Virtual reality did not turn into the ultimate office replacement telepresence machine during the pandemic — and it wasn’t for lack of trying — but some startups focused on employee training in VR have found added validation in the past year as professionals across industries were forced to access institutional knowledge in remote settings.
Osso VR, a San Francisco-based virtual reality startup focused on medical training, has piqued investor attention as they’ve bulked up on partnerships with medical devices powerhouses like Johnson & Johnson, Stryker and Smith & Nephew during the pandemic. The startup tells TechCrunch they’ve recently closed $27 million in Series B funding led by GSR Ventures with additional participation from SignalFire, Kaiser Permanente Ventures and Anorak Ventures, among others.
CEO Justin Barad tells TechCrunch that the pandemic “created an intense level of urgency” for the startup as customers found new demand for their platform.
Osso VR is looking to upend modern surgical instruction with a virtual reality-based solution that allows surgeons to interact with new medical devices in 3D space, “performing” a surgery over and over on a digital cadaver from the comfort of anywhere they have enough room to stretch out their arms. Osso’s efforts are particularly useful to its medical device customers who can use the platform to boost familiarity with their solutions while helping surgeons gain proficiency in implanting them.
One of the startup’s broader aims is to bring video games’ multiplayer mechanics into the virtual operating room, allowing surgeons and medical assistants to collaborate in real-time so they not only know their responsibility but how they fit into the whole of each operation.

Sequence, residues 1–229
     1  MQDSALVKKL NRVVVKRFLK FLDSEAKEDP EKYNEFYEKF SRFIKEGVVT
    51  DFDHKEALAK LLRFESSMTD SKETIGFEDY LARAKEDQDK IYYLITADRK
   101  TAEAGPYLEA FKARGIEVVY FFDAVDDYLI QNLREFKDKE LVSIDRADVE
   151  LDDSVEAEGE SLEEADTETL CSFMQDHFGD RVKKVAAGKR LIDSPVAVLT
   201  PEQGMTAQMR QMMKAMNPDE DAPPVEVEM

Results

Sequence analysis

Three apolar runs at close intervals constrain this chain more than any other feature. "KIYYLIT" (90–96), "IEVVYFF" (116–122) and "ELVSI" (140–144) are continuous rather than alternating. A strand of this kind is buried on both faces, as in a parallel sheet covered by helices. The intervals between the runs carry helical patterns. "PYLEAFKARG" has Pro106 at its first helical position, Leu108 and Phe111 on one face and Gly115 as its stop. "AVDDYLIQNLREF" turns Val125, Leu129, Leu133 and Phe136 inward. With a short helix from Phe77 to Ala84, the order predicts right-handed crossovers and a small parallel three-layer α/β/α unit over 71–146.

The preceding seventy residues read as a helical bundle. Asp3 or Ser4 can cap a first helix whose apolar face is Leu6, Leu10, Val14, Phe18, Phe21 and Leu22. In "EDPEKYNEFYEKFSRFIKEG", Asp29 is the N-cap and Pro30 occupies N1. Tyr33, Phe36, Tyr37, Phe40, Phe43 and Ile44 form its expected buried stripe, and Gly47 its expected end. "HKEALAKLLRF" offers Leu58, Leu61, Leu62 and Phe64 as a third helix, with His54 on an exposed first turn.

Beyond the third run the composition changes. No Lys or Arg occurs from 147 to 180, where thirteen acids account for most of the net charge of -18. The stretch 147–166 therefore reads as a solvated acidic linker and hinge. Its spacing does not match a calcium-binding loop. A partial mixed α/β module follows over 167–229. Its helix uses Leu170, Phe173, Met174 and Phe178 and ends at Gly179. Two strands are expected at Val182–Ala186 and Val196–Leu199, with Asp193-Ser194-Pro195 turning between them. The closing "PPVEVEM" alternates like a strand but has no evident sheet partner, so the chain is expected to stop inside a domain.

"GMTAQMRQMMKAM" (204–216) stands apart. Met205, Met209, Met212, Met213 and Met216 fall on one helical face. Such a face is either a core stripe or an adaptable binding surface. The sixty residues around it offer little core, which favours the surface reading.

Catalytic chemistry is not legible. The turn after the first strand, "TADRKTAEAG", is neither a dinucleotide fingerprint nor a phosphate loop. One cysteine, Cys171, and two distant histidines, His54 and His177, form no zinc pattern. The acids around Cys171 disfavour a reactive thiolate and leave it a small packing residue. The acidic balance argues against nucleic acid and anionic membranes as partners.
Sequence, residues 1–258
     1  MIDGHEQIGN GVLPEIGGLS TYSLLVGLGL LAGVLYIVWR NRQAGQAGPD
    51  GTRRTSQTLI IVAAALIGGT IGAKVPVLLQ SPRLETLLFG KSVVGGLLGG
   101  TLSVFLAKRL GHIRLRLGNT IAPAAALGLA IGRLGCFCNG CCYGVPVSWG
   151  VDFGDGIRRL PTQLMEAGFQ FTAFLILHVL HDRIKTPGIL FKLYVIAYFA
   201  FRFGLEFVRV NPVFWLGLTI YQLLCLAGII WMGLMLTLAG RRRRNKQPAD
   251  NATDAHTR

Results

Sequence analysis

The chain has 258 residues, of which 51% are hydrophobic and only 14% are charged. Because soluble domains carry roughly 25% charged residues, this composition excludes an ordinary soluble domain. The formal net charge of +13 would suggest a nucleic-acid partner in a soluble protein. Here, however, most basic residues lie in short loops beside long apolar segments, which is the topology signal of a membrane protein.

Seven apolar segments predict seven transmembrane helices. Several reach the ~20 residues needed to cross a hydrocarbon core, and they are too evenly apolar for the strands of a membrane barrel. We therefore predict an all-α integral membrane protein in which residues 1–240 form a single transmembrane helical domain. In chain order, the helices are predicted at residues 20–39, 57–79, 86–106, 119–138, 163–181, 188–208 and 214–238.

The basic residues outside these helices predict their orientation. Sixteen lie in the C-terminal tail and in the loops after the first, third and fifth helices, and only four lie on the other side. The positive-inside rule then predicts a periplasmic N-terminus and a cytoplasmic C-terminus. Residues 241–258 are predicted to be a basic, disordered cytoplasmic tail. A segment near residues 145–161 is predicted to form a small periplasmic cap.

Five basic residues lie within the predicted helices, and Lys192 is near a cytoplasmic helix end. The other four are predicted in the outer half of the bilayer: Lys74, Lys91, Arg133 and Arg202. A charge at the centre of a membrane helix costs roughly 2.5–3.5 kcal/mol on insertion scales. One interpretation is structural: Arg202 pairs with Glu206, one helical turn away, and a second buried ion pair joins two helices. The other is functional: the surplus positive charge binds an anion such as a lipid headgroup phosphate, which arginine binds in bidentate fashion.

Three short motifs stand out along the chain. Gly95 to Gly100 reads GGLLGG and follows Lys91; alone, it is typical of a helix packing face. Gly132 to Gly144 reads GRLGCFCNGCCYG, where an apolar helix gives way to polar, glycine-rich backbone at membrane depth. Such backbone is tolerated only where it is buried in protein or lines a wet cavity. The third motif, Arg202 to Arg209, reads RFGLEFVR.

“It’s a lot like a symphony, everyone has a different role to play and you need to communicate with each other.” Barad says.
It’s a process that needs virtual reality’s spatial breadth, Barad notes, though instruction is always supplemented by text and videos as well.
Barad calls the startup’s aim “something unambiguously good,” a quality which has helped the team poach talent as it has scaled to some 100 employees, which includes what he claims is the world’s largest team of medical illustrators. That team has helped scale the platform’s content to more than 100 modules spanning 10 specialties.
Virtual reality founders have struggled in recent years to coax investor attention as consumer and enterprise uptake has proven slower than the early wild ambitions for the technology. In its stead, investors have looked more towards bets on adjacent technologies like gaming and computer vision that don’t require the specialized head-worn hardware. Osso VR’s platform runs on Facebook’s Oculus Quest 2 headset through the company’s Oculus for Business program.
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